1950’s Cartier sapphire flower brooch consisting of diamonds and sapphires. This elegant and refined brooch is the perfect piece to complete an outfit, elevating the look of a suit or coat no matter what the occasion. The frame of the brooch is constructed in Platinum, and the two flowers detach from the backing to make it possible to wear them as a set of dress clips; the brooch can be hung from a chain and work as a spectacular pendant. This is an excellently made and classically designed piece iconic to the House of Cartier.
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In the late 1940s, the doors opened to was is now known as one of America’s greatest jewelers around. Webb’s designs were creative, and ahead of his time. His bold color usage, enamel pieces were just a few factors that set him a part. His meticulous attention to detail and animal inspired themes, made David Webb unique and memorable.
David Webb was born in Asheville, North Carolina in 1925. He worked at his uncle’s factory growing up, and later at the age of just 16, decided to move to New York City to pursue his dream in jewelry. In 1945, Webb, along with his partner Nina Silberstein; opened up his first jewelry shop. David Webb made sure he sat with his Artisans and explained exactly how he wanted his jewelry to be designed, down to the last detail. David specialized in taking custom orders to give his customers exactly what they wanted.
In 1960, David became popular amongst the most stylish and jewelry design connoisseurs. He sold his designs only to selective clients. A few of his high profile clients included the Rockefellers, Andy Warhol, Princess Grace of Monaco, Jacqueline Kennedy Onassis, ElizabethTaylor, and the Vanderbilts. Some of his recent designs are being worn by celebrities like Jennifer Lopez, Sofia Vergara, and Gwen Stefanie to name a few.
David Webb is notorious for his nature inspired pieces. Animal cuff bracelets, interlocking dragons, crocodiles, turtles, lions were all crafted in gold. Colored stones and semi-colored gems, were often times used to decorate the entire piece or just the eyes. His animal designs were extremely popular in the 1950s and 1960s. His inspiration for design was from all over the world. Master jeweler Peter Carl Faberge and Cellini were a huge influence on David Webb. People were taken back by the amount of detail that was added to his pieces. In the 1970s, David Webb was all about hammered gold, texture with plenty of enamel. He incorporated carved crystal, and enamel with diamonds, along with colored gems and pearls.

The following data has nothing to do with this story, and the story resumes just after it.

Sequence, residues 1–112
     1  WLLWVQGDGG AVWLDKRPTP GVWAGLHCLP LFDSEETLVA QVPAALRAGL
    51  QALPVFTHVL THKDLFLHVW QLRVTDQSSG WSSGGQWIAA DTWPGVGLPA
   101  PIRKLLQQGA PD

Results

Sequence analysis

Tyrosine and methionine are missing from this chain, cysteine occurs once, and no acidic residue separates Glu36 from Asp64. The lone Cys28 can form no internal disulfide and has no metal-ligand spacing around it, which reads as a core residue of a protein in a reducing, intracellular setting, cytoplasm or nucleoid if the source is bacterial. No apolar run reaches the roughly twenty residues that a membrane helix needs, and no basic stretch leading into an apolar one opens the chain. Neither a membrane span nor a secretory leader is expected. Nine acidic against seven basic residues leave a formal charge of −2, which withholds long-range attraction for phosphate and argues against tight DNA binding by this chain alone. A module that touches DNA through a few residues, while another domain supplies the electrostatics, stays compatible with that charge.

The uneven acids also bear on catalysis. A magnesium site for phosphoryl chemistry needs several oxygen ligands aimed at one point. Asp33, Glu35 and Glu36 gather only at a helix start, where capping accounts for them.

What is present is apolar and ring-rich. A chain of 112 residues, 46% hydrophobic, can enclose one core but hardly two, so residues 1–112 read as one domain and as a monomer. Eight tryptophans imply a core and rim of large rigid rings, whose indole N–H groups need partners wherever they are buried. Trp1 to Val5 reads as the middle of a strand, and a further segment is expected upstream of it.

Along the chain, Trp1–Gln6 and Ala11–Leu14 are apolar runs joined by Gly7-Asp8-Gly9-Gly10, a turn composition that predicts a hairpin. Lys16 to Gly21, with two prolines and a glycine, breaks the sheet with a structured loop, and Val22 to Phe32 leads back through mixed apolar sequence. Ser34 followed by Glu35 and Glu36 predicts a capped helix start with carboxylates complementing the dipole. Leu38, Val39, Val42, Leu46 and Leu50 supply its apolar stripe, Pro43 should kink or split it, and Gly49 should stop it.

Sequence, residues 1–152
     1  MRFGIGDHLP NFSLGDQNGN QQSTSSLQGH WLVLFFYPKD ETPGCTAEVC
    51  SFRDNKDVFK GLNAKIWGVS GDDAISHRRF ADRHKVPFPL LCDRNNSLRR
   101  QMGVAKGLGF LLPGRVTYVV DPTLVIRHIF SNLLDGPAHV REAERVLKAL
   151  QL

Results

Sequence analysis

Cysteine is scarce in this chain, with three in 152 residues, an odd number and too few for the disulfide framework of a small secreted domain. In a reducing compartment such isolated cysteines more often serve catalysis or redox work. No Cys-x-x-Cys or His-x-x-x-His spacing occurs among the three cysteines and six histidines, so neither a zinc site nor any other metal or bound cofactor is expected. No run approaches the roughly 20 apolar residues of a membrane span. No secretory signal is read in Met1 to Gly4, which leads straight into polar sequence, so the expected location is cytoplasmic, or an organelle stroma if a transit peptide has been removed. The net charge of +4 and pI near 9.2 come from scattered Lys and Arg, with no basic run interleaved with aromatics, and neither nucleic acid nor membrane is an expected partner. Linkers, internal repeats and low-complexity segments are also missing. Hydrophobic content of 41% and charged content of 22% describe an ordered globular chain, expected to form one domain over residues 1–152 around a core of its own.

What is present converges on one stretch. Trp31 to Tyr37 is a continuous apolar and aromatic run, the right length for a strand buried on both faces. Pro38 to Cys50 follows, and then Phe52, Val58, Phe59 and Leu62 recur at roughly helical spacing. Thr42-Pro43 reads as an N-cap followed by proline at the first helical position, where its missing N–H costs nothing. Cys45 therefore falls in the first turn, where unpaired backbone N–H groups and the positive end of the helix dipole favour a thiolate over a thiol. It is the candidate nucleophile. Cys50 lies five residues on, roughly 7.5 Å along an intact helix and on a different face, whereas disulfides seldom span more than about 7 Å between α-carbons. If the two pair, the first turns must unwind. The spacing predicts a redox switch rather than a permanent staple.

In 1975 David passed away from pancreatic cancer; leaving his brand behind along with beautiful, bold, intricate jewelry for generations to come. To continue his name, the Silberstein family took over and moved the business to Beverly Hills. Nina Silberstein, CEO, continues to replicate Webb’s designs and works hard to keep his brand strong. In 2008, David Webb Jewelry celebrated their 60th anniversary. In 2009, the company filed for chapter 11 bankruptcy in New York. A year later the company was bought for $11 million, by jewelers Mark Emanuel, Sima Ghadamin and Robert Sadian.
David Webb’s designs continue to impress jewelry lovers all over the world. His unique take on design, and the detailed fabrication of his work, certainly keeps people wanting more.